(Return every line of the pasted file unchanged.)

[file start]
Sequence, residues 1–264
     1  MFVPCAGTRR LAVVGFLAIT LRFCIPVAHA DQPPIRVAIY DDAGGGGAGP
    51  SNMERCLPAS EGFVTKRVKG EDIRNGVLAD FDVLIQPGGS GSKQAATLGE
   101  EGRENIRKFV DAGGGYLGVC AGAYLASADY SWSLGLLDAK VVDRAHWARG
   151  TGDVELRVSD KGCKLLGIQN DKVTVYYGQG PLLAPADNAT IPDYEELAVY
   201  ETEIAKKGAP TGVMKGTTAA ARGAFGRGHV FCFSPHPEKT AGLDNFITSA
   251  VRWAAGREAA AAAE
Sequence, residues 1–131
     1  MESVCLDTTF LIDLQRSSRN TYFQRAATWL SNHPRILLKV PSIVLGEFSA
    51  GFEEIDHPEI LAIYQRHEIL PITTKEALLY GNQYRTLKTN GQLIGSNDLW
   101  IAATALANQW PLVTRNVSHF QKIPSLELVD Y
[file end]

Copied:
Sequence, residues 1–264
     1  MFVPCAGTRR LAVVGFLAIT LRFCIPVAHA DQPPIRVAIY DDAGGGGAGP
    51  SNMERCLPAS EGFVTKRVKG EDIRNGVLAD FDVLIQPGGS GSKQAATLGE
   101  EGRENIRKFV DAGGGYLGVC AGAYLASADY SWSLGLLDAK VVDRAHWARG
   151  TGDVELRVSD KGCKLLGIQN DKVTVYYGQG PLLAPADNAT IPDYEELAVY
   201  ETEIAKKGAP TGVMKGTTAA ARGAFGRGHV FCFSPHPEKT AGLDNFITSA
   251  VRWAAGREAA AAAE
Sequence, residues 1–131
     1  MESVCLDTTF LIDLQRSSRN TYFQRAATWL SNHPRILLKV PSIVLGEFSA
    51  GFEEIDHPEI LAIYQRHEIL PITTKEALLY GNQYRTLKTN GQLIGSNDLW
   101  IAATALANQW PLVTRNVSHF QKIPSLELVD Y